1. When did you realize that you wanted to become a writer?There wasn’t any particular defining moment, more a process. For many years I had been writing as a hobby, but never wrote for more than a couple of hours at a time. During most of these years I had a paid job, but often only part-time, so time wasn’t really a limiting factor. When we decided to move to France for three years, I reckoned I would write more. Several months before we left Edinburgh, while on the treadmill at the gym, listening to Martha Reeves and the Vandellas singing Dancing in the Street, I found myself thinking, “I’ll have a go at becoming a serious writer”. In France, I did write for longer chunks of time, and was productive in terms of finishing pieces of work, rewriting short stories and starting work on a new novel.
2. Is being an author all you dreamed of, or did it just happen? The best and worst thing about it?
(see answer 1 for first part of this question). The best part of being a writer is having a creative space to go to whenever I like, somewhere that isn’t dependent on colleagues, money or weather. I can spend head time in an old town in the south of France when those around me are enduring yet another blustery, wet Edinburgh afternoon.
The worst thing is the isolation you can sometimes experience. You don’t have colleagues on tap who can give you advice or feedback, you don’t have a line manager who says you’ve done a good job. Equally difficult, is dealing with rejection from agents and publishers. It really hurts, and you have to work hard at retaining your belief in the book. Self-publishing, which I’m now doing, is one way of avoiding this!
To deal with the isolation, I like to meet regularly with writer friends. I’m also lucky in that my partner takes a keen interest in my writing and encourages me any way he can.
3. What was the very first thing you ever wrote?
Aged 10, I wrote a Sherlock Holmes story entitled The Missing Piece of Paper, not the
most exciting title, but I wish now that I’d kept the story. I can’t remember how long
it was, but it was more than a short story.
4. What made you create (your book)? How did it come to you?
I liked the idea of a family reunion where all is not as it seems, and it developed from there. Interpersonal relationships fascinate me, particularly family ones: the superficial interactions and what's simmering away underneath. I was also keen to try writing a book from multiple viewpoints. In the first draft I told the story from six viewpoints, but after feedback, reduced it to four! (more than enough…) The location, a Swiss lake, was probably inspired by Anita Brookner’s Hotel du Lac, although I wasn't aware of this initially.
5. Who is your literary hero?
Don’t have one – sorry!
6. How much of your characters are based on your traits or someone you know
One lead character has one of my personality traits – health anxieties. She also has
insecurities about her body that I’ve seen in other people. The other characters are
completely dreamed up.
7. Describe your main character in six words.
The novel is an ensemble with four main characters, but I’ve selected one:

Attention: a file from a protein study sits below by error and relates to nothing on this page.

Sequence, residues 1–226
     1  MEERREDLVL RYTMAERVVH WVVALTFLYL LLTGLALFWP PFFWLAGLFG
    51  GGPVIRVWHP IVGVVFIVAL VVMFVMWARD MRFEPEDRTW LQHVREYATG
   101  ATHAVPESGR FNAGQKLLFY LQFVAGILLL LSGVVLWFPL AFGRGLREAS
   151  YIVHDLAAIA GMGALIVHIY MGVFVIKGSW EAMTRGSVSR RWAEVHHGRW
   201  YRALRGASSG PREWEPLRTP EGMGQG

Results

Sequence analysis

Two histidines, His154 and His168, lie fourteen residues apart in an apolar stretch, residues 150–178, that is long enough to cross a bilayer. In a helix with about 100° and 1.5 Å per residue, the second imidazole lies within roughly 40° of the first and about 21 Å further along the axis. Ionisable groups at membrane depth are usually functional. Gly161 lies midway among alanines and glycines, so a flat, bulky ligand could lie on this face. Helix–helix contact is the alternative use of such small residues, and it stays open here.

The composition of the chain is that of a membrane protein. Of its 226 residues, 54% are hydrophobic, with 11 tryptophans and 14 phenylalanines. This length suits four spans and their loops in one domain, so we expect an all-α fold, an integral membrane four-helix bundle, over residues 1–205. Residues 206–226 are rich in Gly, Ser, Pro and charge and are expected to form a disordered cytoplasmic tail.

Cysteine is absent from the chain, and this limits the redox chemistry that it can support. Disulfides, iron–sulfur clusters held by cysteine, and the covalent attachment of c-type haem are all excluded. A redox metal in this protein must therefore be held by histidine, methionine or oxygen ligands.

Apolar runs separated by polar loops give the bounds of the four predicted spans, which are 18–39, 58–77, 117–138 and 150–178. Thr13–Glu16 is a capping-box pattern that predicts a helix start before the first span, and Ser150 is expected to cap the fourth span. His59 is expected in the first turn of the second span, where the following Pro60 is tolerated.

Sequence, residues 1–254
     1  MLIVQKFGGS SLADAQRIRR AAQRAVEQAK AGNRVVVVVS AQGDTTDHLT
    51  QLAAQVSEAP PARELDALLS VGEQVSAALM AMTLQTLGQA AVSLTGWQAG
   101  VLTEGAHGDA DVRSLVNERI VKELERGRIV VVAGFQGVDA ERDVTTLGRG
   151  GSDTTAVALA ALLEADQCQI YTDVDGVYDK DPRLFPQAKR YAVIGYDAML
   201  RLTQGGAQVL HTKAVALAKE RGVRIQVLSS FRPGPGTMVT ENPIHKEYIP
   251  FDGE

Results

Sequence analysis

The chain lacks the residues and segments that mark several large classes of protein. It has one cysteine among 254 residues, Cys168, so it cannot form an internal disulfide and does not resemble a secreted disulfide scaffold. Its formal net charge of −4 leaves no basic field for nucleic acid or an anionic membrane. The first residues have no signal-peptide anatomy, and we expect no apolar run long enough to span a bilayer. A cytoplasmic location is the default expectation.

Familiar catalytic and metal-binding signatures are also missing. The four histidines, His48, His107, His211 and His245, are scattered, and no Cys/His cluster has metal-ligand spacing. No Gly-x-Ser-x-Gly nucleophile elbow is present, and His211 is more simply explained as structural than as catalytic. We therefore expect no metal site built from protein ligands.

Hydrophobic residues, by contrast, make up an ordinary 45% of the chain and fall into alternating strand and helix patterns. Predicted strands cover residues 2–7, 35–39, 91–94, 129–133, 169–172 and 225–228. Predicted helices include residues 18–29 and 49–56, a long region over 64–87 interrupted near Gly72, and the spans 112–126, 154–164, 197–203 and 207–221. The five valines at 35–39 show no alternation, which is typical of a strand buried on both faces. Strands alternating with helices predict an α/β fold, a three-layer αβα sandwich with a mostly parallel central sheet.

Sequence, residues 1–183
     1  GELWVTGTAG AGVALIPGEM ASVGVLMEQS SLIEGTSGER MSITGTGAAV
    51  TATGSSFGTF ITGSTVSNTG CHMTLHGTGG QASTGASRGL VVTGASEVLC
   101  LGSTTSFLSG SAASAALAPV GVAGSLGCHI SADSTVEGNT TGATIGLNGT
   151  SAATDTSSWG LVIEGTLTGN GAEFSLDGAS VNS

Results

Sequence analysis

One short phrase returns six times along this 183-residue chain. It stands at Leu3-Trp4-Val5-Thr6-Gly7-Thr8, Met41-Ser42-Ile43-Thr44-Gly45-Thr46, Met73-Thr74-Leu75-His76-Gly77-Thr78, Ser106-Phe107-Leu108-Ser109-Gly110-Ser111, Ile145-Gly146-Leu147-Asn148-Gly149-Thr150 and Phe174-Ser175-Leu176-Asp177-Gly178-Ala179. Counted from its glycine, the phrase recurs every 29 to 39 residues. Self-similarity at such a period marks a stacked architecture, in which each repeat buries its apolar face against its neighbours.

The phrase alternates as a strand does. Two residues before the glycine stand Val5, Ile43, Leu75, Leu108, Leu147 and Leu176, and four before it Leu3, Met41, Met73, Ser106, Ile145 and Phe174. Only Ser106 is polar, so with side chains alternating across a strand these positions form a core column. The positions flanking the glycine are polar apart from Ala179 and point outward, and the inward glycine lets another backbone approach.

Portia - an intimidating woman with survival instincts
8. Describe the world you’ve created in six words.
Dramatic Swiss scenery, strong family tension
9. What scene was your favorite to write?
There were several, but I think top of the list is the aftermath of the disastrous family
celebration, in particular a lead character getting drunk and confronting her
10. What scene was the hardest for you to write?
The opening one was tricky, trying to convey that tension between two
characters, without giving away the reason for this.
11. What are you working on now?
I’m at the final stages of editing my second novel, Chergui’s Child, and will be
publishing this soon. Then I’ll return to working on what I describe as my ‘back
burner’ book, Christiana, the one I write when waiting for feedback on other
books. This time I’m keen to actually finish and publish it! I have a first draft, but
plan to tweak the plot and add a new character. As a self-published author, I need to
spend loads of time promoting, which can be tedious if I’m feeling creative, but a
welcome relief, if I’m not.
12. Goals? Accomplishments? Improvements?
There’s always scope for improving writing, and I hope to improve mine by reading,
and by studying technical books on writing. As for goals, last year I published a
guide to editing, which is based on my approach to my own editing. (Words’Worth: a
fiction writer’s guide to serious editing) If this ever gets to be on the reading list of
creative writing courses, I’d be delighted.
13. What is on your nightstand?
The Secret Diary of Adrian Mole (Sue Townsend, and fantastic reading if you haven’t
laughed enough that day), Will you please be quiet, please (Raymond Carver, short
stories); Family and friends (Anita Brookner), my kindle.
14. Are there any authors or books you recommend?
I enjoy reading American author, Anita Shreve. I love her writing style, the stories
she devises and her ability to describe the setting. My favourites are: The Pilot’s
Wife; Strange Fits of Passion and Fortune’s Rocks. During the last year, I’ve started
reading Clare Francis, and have particularly enjoyed A Dark Devotion and Deceit. I
admire her for her storylines and characterisation.
15. What's your favorite thing to do when you're not writing?
Going to the movies, accompanied by a bar of chocolate!